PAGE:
Adv Pikoli advised further that the Special Commercial Crimes Unit (SCCU) had done an excellent job, finalising 1773 cases with a 94.78% conviction rate. This, in his opinion, indicated the close co-operation with the South African Police Services (SAPS), as they were able to guide the SAPS’s investigation. The Asset Forfeiture Unit (AFU) had achieved a milestone in 2005 by freezing more than R1 billion in assets since date of establishment 7 years ago. The AFU further obtained two important judgments in the Supreme Court of Appeal (SCA), to the effect that it will be significantly easier to deal with fixed properties used in criminal activity. Adv Pikoli stressed that with the huge volume of crime, the NPA needed to take a firm stand, and to do this the NPA needed to increase the unit’s capacity.

On the Corporate Services Unit, Adv Pikoli pointed out that in assessing their customer management, it was realised that the NPA’s work extended beyond the courtroom and required interaction with all stakeholders. To this end, prosecutors had assisted in getting witnesses to court, meeting with members of the community to keep them informed of developments and the basis for decisions made in court, thereby improving public confidence in the NPA. Adv Pikoli reiterated however that the NPA needed to build a structured witness management programme, so as to deter the intimidation of witnesses and prosecutors and to send a strong message that such behaviour will not be tolerated.

Adv Pikoli mentioned that the NPA was involved in a number of other programmes with community courts or community justice centres.

Turning to the challenges faced by the NPA, Adv Pikoli confirmed that appeal matters were problematic. To deal with this, the NPA set aside R4.5 million specifically for appeal matters. In order to address the backlog experienced in the courts an arrangement was made with the Department of Justice and Constitutional Development that the State Attorney brief private counsel and pay a flat rate of R1000.00 per appeal. An amount of approximately R4 million had thus far been spent with 3800 appeals finalised.

Adv Pikoli stated that another challenge was that of the installation of discipline in Magistrate’s Courts. It was stated that it was necessary to ensure that in this regard all role players instilled discipline in the courts. Courts were to start on time, and in this regard both prosecutors and private attorneys were to act accordingly. Team work in this regard would improve the court hours and service delivery.

Adv Pikoli pointed out that public confidence in the NPA had been undermined, and that he was trying to improve the image of the NPA. It was pivotal to create an environment where decisions were based on fact and law. He wanted prosecutors to be proud of their work and to be able to carry out their duties. He confirmed that should any problems be experienced, such problems should be reported in order that he can investigate the situation.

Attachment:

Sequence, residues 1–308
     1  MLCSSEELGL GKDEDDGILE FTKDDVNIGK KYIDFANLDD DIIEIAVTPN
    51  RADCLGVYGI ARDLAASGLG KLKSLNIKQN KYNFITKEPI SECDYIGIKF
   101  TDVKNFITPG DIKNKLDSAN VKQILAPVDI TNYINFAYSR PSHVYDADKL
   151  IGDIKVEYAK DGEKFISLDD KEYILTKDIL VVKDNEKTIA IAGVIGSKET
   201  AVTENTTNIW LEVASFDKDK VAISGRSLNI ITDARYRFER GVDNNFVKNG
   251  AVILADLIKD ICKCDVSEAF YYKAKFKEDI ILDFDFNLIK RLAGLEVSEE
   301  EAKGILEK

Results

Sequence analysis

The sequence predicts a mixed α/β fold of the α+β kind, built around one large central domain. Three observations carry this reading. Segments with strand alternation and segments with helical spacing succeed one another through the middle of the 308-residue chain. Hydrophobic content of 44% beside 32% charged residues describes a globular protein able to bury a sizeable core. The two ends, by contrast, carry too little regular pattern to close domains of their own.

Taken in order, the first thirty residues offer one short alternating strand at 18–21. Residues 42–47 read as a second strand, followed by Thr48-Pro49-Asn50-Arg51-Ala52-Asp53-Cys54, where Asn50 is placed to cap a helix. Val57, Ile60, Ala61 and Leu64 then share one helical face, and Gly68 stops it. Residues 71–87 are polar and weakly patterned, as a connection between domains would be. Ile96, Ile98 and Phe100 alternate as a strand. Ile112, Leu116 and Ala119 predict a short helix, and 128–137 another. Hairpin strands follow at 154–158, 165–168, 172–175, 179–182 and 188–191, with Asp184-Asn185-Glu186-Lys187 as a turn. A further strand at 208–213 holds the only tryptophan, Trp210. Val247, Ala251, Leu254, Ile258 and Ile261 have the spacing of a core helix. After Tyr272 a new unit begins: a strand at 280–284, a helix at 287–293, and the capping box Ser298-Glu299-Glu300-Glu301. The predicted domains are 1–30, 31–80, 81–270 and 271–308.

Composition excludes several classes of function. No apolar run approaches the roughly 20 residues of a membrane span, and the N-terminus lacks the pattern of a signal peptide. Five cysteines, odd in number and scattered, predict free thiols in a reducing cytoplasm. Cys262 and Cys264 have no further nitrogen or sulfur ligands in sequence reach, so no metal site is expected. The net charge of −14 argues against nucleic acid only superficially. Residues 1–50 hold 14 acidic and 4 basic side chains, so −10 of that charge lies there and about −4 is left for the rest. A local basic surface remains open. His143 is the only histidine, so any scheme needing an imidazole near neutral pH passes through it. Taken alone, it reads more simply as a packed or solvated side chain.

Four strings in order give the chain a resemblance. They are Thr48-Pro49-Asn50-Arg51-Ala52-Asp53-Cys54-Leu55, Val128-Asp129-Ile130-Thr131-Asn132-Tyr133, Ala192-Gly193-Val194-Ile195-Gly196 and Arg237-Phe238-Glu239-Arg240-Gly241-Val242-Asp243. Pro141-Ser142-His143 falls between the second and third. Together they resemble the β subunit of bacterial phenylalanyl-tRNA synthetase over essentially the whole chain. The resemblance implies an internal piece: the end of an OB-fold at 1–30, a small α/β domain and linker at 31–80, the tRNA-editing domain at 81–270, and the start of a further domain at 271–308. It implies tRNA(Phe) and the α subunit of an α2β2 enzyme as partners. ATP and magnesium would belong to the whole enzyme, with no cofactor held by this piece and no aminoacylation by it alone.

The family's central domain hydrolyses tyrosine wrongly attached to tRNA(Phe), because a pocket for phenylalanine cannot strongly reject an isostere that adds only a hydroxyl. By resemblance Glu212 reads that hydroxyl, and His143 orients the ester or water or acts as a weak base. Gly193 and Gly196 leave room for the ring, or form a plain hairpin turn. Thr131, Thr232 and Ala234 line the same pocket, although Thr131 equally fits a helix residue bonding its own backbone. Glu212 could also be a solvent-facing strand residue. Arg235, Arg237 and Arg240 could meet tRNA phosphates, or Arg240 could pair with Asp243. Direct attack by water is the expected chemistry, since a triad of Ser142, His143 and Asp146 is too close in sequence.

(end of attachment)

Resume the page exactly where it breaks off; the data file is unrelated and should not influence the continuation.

Dealing with the budget, Adv Pikoli advised the Committee that more funds were required. He was of the opinion that Magistrates should be paid better. A number of senior prosecutors had applied for other jobs, resulting in problems with the retention of personnel. He advised that one has to develop career pathing, but also that it was necessary to ensure that employees were paid according to their level of ability. He reiterated that although the National Treasury had increased the budget, this would not stop the loss of employees if they were not paid appropriately, and hence more funding was required.

The Chairperson pointed out that the Committee had deliberated on the effect of increases on the rest of the criminal justice system. She advised that the Committee had received assurance from the Justice Department and the National Treasury that they would embark on an exercise as to salary levels across the department, with the aim of narrowing the huge divide between the various departments. She advised that perhaps a deadline in this regard should be set. She further commented that the NPA should be involved in such a process and should push for finality on the matter. This was also stated to the Legal Aid Board (LAB) at the meeting held on 7 March 2006.

The Chairperson further advised that an increase in salaries as suggested by the NPA would have a ripple down effect, as it would affect everyone down the line with the risk of losing very skilled employees in the process. She said that whatever the NPA does, this should be done in a larger framework with the Departments of Justice and Public Service and Administration involved. She stated that the Committee did not want another problem arising from the ripple down effect from NPA. An entire framework was required with various principles in place; an understandable salary matrix scheme was required.

Adv Pikoli advised that as per the table provided, the finalisation of cases had decreased. This he attributed to the lack of court discipline, and reiterated that the court hours were an area of concern. New cases showed a slight decline, which was attributable to the co-operation between various parties involved in the criminal justice system.